Camping in Strange Woods

The sun had set, but there was still enough light  for me to barely see some of the wildlife around me. I passed nearly a dozen deer alongside the road. I was driving slowly, ascending an unknown mountain. An eerie unsettling sense of skepticism crept in. I was 60 miles removed from the bustle of Moab and just south of Canyonlands National Park. I had no framework to understand exactly where I was heading. I had a campsite reserved somewhere out here and had the coordinates entered in my GPS.

“You have reached your destination,” my GPS cordially sounded. There was nothing there, so I continued on. After a few miles later up the mountain, I decided I better head back down and have another look.  Sure enough, the second time I noticed my destination. There was a road. It was hard to see, and the entry onto it was through a cattle guard that had been nearly hidden with vegetation. Grass was growing up in the middle of it, and vines were wrapping around it. Furthermore, the branches of the trees hung low, and my vehicle would likely brush up against them. I eyed the thing for a moment. There was a sign “Buckboard Campground.” This was it. The grate of the cattle guard was very wide. Will my wheels get stuck on that, I thought. There’s only one way to find out. My car shook violently as it crossed the guard and shimmied through the tunnel of overgrowth. Then I was in.

There is no point in trying to recollect and recount my camping experience that night in the mountain, because in the intensity of the moment, I documented just what was going on:

Let it be documented that if there is ever a night I go strangely missing, it is tonight.

I am at Buckboard Campground in Utah. I found it impossible to find a campsite in Moab, so I’m sixty miles south in Manti Lasal National Forest.

To arrive, I entered into the middle of nowhere and ascended thousands of feet into a thickly wooded forest of some sort of non-pine tree with a white trunk. I think they are aspen. I have never been in a white forest before. I’m sure in the morning light it is beautiful, but at night the unfamiliarity is eerie. The moon is super bright and it makes the trees look as if they are glowing.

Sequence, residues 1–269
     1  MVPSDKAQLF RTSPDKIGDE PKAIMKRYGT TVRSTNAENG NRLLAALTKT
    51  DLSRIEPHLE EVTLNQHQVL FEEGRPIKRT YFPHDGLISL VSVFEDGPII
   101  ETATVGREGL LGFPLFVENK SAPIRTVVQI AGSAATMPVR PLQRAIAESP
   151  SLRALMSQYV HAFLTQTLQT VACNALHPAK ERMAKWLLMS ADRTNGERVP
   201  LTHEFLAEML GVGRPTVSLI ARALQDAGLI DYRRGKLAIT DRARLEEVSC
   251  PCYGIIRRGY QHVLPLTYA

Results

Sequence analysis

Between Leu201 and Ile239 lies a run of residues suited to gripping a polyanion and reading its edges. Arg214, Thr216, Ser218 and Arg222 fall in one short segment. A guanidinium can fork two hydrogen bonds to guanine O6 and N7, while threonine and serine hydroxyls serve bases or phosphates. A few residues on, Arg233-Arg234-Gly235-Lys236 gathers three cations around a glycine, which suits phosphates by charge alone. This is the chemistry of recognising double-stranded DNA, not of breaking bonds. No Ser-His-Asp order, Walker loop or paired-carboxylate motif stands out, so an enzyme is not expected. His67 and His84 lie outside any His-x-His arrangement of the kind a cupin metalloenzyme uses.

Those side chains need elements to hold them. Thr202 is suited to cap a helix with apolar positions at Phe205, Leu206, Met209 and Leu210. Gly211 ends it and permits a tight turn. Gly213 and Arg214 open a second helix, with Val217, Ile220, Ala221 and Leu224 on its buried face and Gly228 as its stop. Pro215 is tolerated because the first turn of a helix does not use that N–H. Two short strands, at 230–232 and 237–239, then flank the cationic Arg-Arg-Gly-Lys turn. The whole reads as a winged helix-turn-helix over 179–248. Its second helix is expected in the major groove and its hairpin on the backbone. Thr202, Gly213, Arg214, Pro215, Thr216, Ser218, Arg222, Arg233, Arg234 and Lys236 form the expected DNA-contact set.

Because this type of forest is new to me, I don’t know what dwells in these woods. Are there bears? I just bought a ton of produce, being sick of granola bars, dried nuts and berries, and jerky, and my sleeping bag smells like Subway. I bet my feet smell delicious too.

And I’m all alone. No one else is up here at this campground. So it is the perfect place to be kidnapped or snatched by Sasquatch, or Scarfinger, or the aliens in the petroglyphs I’ve seen today and yesterday. They may come to abduct me.

There are so many possibilities for my demise and disappearance. I’m trying to make light of the situation, but in all sincerity there is uneasiness and concern. I am completely isolated and alone in a strange place.

I quickly built a fire and turned on five flashlights, establishing my neck of the woods. And I tried to bear proof my car, but I’m simply carrying too much food. I am looking forward to sunrise. Please come soon.

Despite my trivial panic, I survived. To calm myself and make myself feel more at home, I broke open my new book about the West and I became intrigued and lost in it’s great story. I occasionally kicked the sides of my tent to create noise and scare off intruders, whenever I heard leaves ruffling. Despite my initial fear,  I slept very well.

I awoke the next morning in an absolutely beautiful aspen forest, and two deer nonchalantly walked right in front of my tent. I opened my tent window and talked to the deers for a moment. Tree trunks were vibrantly white and the leaves of the aspen created a glowing green canopy just above me. I fell in love with the aspen forest. I’ve been a huge fan of the aspen ever since.


Read the next entry, “Canyonlands and Dead Horses,” here:

Read the previous entry “Seizing the Moment,” here:



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